Thanks
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Now 52, working on a glide path out
Old 04-20-2016, 07:33 AM   #2
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Now 52, working on a glide path out

Welcome NJsail. I was wondering if you budget? A few years ago, I realized our long term savings were doing great but the monthly spending was too sloppy for comfort due to neglect. I started using You Need A Budget (YNAB) and in one year or less, voila, cut about $2,000 from our monthly expenses of waste that DW didn't mind cutting. DW had no concept of FIRE and assumed we'd work indefinitely but I'm finding that as we get into our 50s and work gets tedious and health issues pop up, she is saying, "So when did you say we could retire again?", which opens a door to get in better alignment together.
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Old 04-20-2016, 07:45 AM   #3
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Guilty as charged..
No, we don't really budget on the daily living expenses. I do when it comes to figuring out long term savings, and big purchases like vacations, but that comes out of my bonus, not my monthly draw.
I will check out YNAB, I think the wife is finally seeing the light that we need to trim expenses. Thanks for the input!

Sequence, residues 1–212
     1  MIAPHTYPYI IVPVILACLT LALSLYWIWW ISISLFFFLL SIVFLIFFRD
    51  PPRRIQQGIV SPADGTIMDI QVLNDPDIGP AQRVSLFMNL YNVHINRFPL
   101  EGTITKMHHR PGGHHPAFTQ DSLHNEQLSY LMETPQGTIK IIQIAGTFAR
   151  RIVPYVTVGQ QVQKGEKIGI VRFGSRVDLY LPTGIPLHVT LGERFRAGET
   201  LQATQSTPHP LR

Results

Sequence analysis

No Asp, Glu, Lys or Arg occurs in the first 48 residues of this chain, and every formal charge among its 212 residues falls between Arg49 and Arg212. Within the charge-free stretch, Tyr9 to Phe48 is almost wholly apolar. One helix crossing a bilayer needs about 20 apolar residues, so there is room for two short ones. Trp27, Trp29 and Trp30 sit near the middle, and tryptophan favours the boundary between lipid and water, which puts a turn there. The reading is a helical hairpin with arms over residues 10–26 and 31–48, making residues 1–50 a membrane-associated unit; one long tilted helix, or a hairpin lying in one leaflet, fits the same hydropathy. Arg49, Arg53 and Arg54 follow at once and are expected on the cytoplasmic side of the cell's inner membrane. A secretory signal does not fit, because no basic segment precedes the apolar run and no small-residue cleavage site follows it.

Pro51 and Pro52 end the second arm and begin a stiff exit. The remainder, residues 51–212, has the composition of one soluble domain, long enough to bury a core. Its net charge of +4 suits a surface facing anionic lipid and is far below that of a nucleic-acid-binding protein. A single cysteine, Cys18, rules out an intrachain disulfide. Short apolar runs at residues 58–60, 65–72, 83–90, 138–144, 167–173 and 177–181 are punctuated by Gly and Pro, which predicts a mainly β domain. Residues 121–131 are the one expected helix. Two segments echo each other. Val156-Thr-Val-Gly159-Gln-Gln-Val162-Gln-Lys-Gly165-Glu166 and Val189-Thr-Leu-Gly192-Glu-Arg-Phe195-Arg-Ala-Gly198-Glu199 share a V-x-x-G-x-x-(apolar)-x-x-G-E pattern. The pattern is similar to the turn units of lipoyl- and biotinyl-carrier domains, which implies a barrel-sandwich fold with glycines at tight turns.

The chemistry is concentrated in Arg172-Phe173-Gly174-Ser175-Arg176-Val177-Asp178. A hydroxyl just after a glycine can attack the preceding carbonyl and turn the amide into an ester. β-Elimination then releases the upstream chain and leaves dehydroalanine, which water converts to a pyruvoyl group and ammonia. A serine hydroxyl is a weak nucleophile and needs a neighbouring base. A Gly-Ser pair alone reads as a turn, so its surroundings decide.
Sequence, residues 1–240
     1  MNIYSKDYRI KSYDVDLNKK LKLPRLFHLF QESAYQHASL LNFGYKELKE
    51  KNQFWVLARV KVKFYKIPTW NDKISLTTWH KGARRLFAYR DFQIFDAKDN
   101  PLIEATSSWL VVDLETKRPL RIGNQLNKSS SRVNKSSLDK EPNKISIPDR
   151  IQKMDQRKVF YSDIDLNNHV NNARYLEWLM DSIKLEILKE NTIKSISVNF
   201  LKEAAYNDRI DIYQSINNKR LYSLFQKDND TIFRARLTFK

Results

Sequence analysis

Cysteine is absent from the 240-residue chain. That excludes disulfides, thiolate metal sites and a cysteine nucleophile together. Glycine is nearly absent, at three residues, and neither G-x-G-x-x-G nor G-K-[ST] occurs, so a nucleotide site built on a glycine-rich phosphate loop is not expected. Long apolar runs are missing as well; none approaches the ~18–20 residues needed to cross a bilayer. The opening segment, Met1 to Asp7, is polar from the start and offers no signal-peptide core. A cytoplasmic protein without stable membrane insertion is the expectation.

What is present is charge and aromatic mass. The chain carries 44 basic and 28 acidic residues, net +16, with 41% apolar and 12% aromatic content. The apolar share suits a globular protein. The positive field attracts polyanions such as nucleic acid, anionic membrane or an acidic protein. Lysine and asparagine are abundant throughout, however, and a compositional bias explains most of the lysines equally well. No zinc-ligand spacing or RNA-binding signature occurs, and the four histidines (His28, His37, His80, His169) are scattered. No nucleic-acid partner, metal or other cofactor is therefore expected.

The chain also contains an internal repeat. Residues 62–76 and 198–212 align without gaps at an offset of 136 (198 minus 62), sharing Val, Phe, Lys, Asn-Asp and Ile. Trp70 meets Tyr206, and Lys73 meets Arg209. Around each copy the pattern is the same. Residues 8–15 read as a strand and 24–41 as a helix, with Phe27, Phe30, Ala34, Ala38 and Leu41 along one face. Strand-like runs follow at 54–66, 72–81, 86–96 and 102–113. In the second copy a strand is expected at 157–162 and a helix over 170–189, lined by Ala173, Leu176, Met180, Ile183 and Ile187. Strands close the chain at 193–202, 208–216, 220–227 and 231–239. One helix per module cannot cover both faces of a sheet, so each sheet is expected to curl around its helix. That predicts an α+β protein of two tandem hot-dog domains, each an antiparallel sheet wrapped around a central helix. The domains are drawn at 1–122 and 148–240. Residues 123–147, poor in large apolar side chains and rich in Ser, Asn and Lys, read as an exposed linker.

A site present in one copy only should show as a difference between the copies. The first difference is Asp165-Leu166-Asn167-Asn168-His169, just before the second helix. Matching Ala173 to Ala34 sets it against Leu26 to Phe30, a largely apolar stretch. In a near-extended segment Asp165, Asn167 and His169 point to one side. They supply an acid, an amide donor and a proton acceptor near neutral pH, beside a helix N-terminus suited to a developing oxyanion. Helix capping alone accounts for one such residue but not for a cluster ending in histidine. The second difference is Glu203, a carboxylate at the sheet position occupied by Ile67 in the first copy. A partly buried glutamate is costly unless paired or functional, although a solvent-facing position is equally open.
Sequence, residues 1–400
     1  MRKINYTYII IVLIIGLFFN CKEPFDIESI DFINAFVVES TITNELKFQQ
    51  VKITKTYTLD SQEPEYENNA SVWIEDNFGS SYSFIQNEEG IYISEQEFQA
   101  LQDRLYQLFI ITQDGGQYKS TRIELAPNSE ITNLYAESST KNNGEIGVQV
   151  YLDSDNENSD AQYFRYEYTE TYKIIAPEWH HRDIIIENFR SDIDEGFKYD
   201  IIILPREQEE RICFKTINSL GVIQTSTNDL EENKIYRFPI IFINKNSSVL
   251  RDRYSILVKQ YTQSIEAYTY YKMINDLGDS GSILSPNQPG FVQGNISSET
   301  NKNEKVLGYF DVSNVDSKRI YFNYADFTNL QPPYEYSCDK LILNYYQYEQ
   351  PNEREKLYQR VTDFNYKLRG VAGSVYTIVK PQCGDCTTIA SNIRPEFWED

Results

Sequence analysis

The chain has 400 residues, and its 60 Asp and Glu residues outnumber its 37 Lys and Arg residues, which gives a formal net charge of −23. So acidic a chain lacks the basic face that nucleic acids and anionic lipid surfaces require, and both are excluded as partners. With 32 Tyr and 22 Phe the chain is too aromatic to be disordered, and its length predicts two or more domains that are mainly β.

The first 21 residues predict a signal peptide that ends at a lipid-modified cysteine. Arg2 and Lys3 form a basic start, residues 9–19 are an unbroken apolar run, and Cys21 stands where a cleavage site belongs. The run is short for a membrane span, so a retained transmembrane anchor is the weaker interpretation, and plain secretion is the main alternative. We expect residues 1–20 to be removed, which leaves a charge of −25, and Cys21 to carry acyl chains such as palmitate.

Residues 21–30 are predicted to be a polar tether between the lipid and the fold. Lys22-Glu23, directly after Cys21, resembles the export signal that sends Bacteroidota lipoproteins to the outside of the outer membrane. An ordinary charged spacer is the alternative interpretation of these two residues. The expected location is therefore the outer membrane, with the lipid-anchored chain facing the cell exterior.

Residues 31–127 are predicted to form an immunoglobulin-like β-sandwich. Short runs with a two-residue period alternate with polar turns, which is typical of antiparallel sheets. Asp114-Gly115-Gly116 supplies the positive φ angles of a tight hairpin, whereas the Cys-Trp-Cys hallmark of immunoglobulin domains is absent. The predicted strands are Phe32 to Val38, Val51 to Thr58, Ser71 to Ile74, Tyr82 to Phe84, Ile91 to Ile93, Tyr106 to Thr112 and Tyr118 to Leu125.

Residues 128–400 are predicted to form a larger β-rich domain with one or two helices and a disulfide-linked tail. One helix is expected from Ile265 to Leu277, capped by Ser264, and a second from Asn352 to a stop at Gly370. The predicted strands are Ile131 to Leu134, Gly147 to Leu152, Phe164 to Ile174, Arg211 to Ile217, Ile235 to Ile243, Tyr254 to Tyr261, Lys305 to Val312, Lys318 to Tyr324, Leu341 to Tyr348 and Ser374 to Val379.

( Ok - lastly , since I'm a newbie what is the abbreviation DW)
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Old 04-20-2016, 07:54 AM   #4
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"Dear Wife". There is a list of acronyms on the "Early Retirement FAQs" forum. Enjoy!
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Old 04-20-2016, 08:12 AM   #5
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Originally Posted by NJSail View Post
Guilty as charged..
No, we don't really budget on the daily living expenses. I do when it comes to figuring out long term savings, and big purchases like vacations, but that comes out of my bonus, not my monthly draw.
I will check out YNAB, I think the wife is finally seeing the light that we need to trim expenses. Thanks for the input!

( Ok - lastly , since I'm a newbie what is the abbreviation DW)
NJ Sail, one suggestion would to be to try something a bit different that costs less in your field of interest. Now, don't think I'm crazy... But ... if you are into sailing, why not instead try adventure kayaking?